p. Ok, there’s this small company named Yahoo, you may have heard of them. Anyhow, they are looking for a PHP developer. Click on inside for the details.
p. Creating a chat application is not a difficult task. Honest!
p. This tutorial is a step by step introduction to creating a lightweight chat application using XML as a storage medium. As personal motivation, I develop PHP games as a hobby. In pursuit of that hobby I’ve found that offering a flat threadless forum in such games tends to result in heavy usage as players attempt to use it as a chat room. The reason is that even with the advent of irc and instant messengers, users continue see an alternative web based solution as attractive for a number of reasons whether its limited access to instant messengers through a corporate proxy or simply for convenience sake.
The final part of our 7 part tutorial on creating an ajax chat system using MySQL and the Zend Framework.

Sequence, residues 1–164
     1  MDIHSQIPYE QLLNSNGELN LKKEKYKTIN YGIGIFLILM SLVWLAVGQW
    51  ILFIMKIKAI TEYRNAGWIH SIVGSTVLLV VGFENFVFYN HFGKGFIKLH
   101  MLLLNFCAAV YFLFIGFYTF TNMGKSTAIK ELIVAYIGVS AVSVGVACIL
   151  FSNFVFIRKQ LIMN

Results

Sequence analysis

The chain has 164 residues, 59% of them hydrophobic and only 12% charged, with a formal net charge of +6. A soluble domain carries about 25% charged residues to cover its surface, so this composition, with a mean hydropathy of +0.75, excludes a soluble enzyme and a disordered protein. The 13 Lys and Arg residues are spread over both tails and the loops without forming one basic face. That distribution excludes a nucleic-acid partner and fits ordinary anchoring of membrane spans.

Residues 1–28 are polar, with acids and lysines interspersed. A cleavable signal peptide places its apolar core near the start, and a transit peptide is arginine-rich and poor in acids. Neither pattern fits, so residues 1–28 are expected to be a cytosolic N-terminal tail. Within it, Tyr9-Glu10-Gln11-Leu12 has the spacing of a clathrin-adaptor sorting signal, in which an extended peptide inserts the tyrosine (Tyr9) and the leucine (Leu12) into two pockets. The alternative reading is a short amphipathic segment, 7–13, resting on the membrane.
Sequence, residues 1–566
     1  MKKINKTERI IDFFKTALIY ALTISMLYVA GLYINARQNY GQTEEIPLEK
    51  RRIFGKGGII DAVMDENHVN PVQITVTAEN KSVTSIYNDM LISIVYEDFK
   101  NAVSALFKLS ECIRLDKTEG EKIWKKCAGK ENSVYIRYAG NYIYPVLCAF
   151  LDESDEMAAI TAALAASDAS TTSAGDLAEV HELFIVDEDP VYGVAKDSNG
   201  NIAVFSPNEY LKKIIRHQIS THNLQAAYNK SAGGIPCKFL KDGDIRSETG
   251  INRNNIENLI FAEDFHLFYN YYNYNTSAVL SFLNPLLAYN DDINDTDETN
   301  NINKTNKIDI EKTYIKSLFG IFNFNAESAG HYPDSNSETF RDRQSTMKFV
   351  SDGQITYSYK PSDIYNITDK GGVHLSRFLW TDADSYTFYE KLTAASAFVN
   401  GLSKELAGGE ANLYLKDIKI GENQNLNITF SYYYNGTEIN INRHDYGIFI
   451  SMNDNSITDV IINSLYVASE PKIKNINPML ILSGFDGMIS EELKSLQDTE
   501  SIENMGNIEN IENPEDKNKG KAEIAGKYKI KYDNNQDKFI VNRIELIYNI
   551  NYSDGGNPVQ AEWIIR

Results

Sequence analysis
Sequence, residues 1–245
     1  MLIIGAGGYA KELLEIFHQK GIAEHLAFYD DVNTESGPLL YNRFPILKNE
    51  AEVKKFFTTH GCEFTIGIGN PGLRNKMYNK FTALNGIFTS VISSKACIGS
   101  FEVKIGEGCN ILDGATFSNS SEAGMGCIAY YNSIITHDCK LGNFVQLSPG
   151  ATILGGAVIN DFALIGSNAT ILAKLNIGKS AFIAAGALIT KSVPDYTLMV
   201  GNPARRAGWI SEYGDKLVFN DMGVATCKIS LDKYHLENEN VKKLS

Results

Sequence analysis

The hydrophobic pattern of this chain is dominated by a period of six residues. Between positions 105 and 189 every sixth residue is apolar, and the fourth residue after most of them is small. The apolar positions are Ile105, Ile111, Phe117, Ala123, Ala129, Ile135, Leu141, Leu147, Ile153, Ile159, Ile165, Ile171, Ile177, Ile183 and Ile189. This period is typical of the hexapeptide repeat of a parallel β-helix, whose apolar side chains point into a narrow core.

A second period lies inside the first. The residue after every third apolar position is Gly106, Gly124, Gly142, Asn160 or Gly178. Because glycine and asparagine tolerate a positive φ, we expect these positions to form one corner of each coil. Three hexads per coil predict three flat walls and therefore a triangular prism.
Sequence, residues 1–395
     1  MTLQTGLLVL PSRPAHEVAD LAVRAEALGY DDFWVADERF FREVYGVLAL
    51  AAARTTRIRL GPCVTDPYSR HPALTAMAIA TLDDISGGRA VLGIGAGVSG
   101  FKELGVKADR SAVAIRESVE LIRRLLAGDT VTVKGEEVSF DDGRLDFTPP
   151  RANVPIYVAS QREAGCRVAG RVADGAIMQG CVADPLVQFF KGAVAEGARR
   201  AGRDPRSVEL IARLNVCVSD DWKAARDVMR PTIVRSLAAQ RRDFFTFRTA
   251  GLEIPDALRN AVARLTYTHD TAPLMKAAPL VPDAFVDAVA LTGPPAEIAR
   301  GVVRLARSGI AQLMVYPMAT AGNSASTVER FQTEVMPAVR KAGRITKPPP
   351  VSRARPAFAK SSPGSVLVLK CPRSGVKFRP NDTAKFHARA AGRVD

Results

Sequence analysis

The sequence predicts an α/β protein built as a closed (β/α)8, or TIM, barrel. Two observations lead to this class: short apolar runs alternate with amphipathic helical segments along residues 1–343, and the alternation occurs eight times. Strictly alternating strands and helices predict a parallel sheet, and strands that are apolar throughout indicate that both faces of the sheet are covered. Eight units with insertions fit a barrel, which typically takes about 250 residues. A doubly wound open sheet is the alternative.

p. Part 5 of our 7 part tutorial on creating an Ajax based Chat application.
p. In part 4 of this tutorial we take a look at adding a new MessageAction method to our current Controller. This will expect one piece of information: a new chat message.
Last week I attended the Web Builder 2.0 Conference in snazzy Las Vegas, Nevada. This year, the name of the game was ajax, Ajax, and AJAX Our beloved PHP had a decent representation throughout the various sessions, but no more than during my own "PHP Powers Mashups" talk. At the conference I bumped into PHP security guru and buddy Chris Shiflett, and met some new folks like Cal Henderson from Flickr and Ask Bjørn Hansen. Normally, you’ll find me working the Zend booth at this kind of conference, but this time I was free to attend sessions. I decided to post my notes on the most interesting things I saw at the conference, presented to you here list style.
This is part 6 of our 7 part tutorial on how to create an web based chat application using Ajax, MySQL and the Zend Framework.
p. As our chat application gathers pace we return to the server side of the application. At this point we have setup the Zend Framework with an IndexController class to handle server requests. After the initial loading of our HTML interface, we will expect all further server requests to be issued via AJAX (courtesy of Prototype and the XMLHttpRequest object) on the client side. We’ll see this in Part 5.
p. This weekend I found an interesting article over at anyexamples.com on using AJAX and PHP to do asynchronous file uploads. Click on inside and I’ll give you the details.